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RE: Killing Claws



[ My apologies if this message appears to come out of left field.  My
  records indicate that I distributed it on December 16, but either I
  made a mistake or the mail got lost in transit.  I had to pull this
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  bit screwed up in my copy of the message.  I think my version of who
  wrote what is correct below, but if not then it's my fault and I
  apologize for that as well.  -- MR ]

Sam Girouard wrote:

>        Thomas Holtz commented on the "fighting specimen", GI 100/25:
>
>>Having seen slides of the fully prepared specimen, this shows some
>>really interesting aspects of interspecific combat.  In particular,
>>one of the hindfeet (the left, if I remember correctly) is placed
>>with the sickle-claw in the neck of the Protoceratops, not the belly
>>as previously thought!
>
>        I think is likely that this posistion was arrived at after the
>death of one or both animals. Why? If I was a Velociraptor, that would
>be the last place I would put my foot (or any other portion of my
>anatomy, for that matter!). The powerful beak of Protoceratops would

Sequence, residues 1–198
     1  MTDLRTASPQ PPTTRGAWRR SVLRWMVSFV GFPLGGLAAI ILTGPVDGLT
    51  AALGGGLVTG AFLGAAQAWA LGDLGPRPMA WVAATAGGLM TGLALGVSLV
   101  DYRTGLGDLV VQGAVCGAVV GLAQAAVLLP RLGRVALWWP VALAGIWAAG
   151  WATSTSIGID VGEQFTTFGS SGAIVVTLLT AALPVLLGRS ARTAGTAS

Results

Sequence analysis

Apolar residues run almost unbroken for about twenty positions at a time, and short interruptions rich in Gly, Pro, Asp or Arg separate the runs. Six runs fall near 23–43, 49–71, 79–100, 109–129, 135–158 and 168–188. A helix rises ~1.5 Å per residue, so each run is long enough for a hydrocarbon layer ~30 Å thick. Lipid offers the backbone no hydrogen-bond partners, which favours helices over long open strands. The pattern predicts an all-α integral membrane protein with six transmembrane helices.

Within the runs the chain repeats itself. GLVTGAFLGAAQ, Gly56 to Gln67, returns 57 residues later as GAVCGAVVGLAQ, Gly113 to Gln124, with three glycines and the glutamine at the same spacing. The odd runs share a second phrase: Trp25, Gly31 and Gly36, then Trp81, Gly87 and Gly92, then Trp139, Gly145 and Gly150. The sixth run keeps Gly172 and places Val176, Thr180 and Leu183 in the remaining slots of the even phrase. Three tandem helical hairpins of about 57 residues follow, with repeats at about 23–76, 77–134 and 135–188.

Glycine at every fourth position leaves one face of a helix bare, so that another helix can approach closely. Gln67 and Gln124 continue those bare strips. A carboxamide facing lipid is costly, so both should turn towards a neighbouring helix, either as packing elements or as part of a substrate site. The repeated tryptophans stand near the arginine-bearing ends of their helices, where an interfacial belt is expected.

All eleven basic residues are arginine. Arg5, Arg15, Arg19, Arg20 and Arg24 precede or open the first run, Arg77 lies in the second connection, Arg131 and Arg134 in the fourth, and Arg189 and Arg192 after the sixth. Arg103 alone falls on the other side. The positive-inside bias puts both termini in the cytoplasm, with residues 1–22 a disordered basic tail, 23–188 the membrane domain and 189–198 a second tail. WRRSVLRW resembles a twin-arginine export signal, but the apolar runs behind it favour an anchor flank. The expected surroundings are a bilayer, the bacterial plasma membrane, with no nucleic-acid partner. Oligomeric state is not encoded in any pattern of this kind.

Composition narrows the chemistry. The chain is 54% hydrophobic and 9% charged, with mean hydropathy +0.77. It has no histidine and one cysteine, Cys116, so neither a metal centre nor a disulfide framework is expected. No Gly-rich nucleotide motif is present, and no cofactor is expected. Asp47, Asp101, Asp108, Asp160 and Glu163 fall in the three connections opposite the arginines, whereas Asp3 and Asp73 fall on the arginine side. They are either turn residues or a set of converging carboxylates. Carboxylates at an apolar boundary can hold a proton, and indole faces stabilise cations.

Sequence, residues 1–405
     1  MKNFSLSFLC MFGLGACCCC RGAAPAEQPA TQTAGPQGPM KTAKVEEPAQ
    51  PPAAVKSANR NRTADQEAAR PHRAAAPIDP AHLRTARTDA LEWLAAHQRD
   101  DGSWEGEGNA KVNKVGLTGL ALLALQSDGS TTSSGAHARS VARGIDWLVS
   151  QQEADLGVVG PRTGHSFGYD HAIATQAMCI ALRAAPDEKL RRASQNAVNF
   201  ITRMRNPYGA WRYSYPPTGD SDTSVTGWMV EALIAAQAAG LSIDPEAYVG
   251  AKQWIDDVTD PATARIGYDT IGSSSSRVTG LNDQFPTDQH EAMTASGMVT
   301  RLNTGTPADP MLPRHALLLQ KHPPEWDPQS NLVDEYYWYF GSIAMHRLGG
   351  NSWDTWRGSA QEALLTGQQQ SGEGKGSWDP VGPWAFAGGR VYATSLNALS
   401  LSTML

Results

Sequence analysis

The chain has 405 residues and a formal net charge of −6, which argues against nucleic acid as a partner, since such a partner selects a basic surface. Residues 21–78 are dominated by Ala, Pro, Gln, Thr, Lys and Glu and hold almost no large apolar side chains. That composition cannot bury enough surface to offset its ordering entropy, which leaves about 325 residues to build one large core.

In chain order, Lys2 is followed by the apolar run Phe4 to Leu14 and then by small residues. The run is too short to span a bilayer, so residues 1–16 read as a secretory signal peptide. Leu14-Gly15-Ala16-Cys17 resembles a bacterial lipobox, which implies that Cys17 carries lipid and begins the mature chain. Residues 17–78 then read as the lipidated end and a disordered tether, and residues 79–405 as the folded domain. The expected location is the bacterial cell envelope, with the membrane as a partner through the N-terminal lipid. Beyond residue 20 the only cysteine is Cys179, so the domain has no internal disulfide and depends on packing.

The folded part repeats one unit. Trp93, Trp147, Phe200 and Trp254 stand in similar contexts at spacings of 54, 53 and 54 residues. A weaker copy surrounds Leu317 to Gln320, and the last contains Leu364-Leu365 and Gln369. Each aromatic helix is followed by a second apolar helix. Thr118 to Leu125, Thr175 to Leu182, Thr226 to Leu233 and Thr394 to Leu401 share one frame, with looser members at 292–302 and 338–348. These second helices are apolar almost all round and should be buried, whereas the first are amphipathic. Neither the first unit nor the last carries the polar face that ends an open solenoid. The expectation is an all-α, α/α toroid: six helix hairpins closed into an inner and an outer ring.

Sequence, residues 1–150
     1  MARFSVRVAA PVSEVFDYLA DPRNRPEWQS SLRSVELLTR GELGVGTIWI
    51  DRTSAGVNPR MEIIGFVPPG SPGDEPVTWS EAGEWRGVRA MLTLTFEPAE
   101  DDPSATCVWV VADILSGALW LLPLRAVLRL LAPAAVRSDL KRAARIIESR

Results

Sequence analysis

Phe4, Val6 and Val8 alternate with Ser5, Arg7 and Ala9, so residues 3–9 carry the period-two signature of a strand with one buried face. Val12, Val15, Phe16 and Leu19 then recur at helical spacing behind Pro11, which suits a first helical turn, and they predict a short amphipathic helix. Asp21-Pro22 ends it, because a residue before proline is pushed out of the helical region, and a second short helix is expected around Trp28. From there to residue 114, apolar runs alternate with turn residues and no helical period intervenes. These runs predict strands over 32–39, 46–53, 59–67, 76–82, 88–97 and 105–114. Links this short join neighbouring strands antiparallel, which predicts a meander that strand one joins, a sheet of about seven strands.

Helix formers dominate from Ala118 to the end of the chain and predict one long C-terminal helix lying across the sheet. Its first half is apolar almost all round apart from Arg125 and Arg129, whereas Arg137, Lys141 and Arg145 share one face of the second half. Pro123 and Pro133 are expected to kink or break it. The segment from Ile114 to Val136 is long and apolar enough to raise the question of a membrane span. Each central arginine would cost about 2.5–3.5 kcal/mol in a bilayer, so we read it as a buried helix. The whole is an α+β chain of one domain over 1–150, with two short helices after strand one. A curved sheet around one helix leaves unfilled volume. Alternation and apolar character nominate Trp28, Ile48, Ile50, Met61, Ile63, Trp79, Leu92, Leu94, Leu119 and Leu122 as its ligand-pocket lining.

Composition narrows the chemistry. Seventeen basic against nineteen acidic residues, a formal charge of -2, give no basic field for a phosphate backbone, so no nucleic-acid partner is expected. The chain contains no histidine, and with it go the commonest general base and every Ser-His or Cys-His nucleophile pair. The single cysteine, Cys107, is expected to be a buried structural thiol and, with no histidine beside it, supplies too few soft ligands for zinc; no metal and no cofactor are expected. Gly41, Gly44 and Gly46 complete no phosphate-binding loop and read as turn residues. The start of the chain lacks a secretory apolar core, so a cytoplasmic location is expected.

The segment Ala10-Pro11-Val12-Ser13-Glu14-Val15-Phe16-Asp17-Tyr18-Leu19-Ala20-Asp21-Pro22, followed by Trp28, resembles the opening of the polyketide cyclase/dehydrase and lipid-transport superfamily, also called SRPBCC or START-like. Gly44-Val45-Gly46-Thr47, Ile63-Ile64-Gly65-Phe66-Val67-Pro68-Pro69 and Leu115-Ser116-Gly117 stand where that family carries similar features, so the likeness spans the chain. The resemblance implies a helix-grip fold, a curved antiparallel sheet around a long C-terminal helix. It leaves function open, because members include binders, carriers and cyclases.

>have been its main defence, and I don't think a living Velociraptor
>would put its foot so very close to it.

Actually, the neck is the most likely place for the Velociraptor to
strike.
 Most large prey hunters will strike at the neck, despite its
proximity to the mouth or beak in this case, because the neck will
make a kill very quickly.  I realize this may be mammalocentric, but
watch most dogs and cats hunt and you will find bites to the neck very
common.  I have also seen birds defend their nests against much larger
predators by striking at the head.  Besides, if the velociraptor is
attacking by coming up along the side from the rear, the beak is in a
poor postion for defense.  Again, watch most any large predator take
down a large prey item.

Joe Daniel